In graph theory, a separating vertex is a node of a graph that "breaks" the graph when removed from it. Formally, it is a node whose removal from the graph increases the number of its connected components. A biconnected component of a graph is a maximal set of its nodes whose induced subgraph is connected and does not have any separating vertex. It is known from graph theory that the biconnected components and the separating vertices of a graph form a tree. This tree can be built as follows: its nodes are the biconnected components and the separating vertices of the graph; edges only connect a biconnected component with a separating vertex, and in particular this happens if the vertex is contained in the component. It can be proved that this graph is actually a tree.
If the constraints of a binary constraint satisfaction problem are viewed as edges of a graph whose nodes are the variables, this tree is a decomposition of the problem. The width of a decomposition is the maximal number of vertices in a biconnected component.
The cycle decomposition method split a problem into a cyclic and an acyclic part. While it does not fit in the definition of the other decomposition methods, which produce a tree whose nodes are labeled with sets of nodes, it can be easily reformulated in such terms.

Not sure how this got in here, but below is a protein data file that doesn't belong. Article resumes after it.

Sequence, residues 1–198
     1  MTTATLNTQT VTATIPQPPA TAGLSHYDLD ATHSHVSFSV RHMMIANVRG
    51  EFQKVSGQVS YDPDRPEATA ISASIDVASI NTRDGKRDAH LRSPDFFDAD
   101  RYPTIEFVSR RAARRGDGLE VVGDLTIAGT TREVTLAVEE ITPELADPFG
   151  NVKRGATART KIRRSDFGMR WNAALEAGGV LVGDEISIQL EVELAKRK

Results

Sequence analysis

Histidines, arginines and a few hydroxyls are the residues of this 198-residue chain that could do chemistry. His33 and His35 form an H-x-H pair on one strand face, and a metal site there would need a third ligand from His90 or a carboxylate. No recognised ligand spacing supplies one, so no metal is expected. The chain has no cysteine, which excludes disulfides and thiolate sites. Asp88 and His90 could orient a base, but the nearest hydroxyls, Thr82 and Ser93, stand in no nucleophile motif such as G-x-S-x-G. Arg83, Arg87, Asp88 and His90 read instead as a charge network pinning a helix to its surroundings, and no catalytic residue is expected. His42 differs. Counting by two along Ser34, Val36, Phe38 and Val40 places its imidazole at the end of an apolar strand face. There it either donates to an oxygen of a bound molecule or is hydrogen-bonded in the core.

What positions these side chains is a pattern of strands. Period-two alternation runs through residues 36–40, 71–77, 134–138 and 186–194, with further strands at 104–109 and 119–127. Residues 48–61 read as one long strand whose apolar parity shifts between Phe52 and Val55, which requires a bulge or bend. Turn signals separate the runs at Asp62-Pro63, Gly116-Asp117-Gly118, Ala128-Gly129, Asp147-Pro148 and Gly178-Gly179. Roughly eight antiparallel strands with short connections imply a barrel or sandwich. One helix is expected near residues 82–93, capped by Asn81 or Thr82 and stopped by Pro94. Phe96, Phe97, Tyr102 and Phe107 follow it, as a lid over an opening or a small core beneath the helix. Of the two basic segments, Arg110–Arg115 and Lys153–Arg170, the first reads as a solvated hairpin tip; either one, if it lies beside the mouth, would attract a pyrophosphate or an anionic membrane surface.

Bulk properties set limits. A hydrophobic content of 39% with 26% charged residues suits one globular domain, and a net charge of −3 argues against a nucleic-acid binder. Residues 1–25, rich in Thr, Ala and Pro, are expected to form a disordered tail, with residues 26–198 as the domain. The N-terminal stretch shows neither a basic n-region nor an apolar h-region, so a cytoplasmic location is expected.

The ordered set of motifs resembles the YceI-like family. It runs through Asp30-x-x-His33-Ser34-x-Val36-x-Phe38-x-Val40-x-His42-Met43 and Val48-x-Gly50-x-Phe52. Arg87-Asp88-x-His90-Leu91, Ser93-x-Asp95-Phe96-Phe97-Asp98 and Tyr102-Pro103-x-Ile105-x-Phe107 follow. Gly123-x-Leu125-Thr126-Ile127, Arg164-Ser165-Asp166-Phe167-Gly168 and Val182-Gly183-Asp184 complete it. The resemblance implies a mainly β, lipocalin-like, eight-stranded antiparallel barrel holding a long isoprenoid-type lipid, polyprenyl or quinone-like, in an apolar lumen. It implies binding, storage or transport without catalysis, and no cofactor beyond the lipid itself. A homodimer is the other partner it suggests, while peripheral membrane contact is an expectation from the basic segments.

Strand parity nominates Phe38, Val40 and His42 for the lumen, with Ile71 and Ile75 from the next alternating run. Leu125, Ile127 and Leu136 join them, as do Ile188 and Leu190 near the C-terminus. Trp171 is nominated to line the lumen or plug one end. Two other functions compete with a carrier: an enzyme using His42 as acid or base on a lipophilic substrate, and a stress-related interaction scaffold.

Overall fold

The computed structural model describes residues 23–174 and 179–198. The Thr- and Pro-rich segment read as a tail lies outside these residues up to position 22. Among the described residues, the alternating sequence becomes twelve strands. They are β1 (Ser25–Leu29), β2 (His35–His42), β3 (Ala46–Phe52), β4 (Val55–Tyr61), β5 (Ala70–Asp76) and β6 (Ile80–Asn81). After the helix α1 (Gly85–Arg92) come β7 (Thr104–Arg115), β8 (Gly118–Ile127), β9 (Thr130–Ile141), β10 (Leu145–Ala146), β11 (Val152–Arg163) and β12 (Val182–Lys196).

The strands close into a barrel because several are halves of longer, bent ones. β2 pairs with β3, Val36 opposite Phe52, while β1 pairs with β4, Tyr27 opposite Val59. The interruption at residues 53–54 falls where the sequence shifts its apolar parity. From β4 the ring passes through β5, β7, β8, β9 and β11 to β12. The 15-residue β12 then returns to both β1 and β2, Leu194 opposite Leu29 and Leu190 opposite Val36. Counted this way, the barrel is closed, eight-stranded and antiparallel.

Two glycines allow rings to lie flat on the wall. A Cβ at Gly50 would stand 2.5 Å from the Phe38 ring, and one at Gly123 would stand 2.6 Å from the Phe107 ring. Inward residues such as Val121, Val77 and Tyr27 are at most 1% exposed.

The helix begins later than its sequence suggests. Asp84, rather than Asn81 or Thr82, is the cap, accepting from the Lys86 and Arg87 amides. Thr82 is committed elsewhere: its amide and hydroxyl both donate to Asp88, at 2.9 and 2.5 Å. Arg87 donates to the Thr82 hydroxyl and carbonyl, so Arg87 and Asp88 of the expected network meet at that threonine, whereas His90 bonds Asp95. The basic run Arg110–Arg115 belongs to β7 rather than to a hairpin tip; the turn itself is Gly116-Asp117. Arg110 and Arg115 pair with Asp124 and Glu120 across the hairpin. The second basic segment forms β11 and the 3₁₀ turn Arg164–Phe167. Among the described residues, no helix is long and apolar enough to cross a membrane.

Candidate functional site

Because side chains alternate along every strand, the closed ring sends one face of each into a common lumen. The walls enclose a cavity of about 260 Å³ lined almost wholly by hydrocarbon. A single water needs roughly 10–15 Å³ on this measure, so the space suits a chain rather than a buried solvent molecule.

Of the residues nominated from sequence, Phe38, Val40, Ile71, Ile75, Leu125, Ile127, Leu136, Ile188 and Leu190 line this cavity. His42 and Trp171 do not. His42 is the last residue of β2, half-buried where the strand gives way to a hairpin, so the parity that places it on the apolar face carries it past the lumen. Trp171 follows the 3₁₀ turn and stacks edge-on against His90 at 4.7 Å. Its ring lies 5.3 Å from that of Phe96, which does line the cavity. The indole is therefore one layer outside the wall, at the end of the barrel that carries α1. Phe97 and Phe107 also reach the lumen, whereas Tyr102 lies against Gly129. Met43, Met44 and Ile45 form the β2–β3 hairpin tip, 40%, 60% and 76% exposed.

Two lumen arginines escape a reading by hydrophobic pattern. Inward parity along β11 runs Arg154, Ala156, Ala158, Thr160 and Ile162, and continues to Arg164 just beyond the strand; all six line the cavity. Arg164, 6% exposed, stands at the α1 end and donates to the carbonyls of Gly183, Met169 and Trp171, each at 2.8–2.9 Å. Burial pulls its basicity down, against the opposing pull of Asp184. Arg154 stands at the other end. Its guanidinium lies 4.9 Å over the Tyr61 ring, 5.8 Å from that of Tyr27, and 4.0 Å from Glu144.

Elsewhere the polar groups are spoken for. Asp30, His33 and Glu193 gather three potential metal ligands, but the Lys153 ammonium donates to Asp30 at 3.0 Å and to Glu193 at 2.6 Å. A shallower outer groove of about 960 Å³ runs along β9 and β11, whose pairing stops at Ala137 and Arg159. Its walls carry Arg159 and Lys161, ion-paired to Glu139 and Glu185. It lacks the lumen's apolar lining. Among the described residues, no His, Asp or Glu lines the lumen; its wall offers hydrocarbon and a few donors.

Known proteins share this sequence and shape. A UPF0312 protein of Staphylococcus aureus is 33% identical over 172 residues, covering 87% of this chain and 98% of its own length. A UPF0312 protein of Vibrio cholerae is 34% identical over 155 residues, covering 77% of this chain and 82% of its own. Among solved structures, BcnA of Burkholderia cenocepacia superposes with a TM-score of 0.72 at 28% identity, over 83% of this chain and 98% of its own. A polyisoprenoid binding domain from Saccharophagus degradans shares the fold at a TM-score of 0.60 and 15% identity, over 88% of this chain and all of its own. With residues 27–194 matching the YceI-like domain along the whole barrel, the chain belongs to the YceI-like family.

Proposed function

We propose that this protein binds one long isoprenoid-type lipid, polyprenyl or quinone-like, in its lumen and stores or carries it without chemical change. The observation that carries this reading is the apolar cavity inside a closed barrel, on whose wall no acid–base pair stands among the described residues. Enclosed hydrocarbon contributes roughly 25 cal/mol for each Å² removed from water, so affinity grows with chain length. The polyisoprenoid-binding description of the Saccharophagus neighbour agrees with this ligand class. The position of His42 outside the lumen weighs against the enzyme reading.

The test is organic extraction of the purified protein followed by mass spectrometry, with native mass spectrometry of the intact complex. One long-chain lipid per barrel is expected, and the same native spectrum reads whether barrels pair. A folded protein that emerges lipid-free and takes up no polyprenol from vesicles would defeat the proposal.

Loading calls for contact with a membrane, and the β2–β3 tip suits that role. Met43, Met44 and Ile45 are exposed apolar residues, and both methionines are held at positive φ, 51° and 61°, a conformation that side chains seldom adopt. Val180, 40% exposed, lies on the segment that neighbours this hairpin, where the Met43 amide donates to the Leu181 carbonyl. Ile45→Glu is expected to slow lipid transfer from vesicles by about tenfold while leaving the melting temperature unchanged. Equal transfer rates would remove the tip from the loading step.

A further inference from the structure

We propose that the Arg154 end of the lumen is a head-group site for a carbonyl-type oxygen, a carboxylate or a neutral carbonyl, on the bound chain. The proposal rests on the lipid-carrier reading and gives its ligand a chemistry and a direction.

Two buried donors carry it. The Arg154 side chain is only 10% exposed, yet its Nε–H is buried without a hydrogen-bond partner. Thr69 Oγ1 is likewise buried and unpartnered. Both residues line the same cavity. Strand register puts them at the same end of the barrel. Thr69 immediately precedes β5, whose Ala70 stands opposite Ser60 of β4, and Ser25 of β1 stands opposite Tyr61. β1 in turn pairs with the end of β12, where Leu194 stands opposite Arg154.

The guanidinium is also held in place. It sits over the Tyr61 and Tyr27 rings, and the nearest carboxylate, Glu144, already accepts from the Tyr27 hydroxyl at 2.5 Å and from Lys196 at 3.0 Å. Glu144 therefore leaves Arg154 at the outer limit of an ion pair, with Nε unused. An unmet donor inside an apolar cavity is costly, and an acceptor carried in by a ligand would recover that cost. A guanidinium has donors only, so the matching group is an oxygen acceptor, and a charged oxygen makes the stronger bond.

This decomposition method is based on the idea that, after some variables are given a value, what remains of the problem once these variables have been eliminated may be acyclic. Formally, a cycle cutset of a graph is a set of nodes that makes the graph acyclic when they are removed from it. A similar definition can be given for a constraint satisfaction problem using its primal graph. The width of a cycle decomposition is the number of variables in the cutset. The width of a problem is the minimal width of its cycle cutset decompositions.
|A graph representation of a constraint satisfaction problem||A cycle cutset of the graph (others exist)||Removing the cycle cutset, what remains is an acyclic graph (a tree, in this case, but a forest in general)|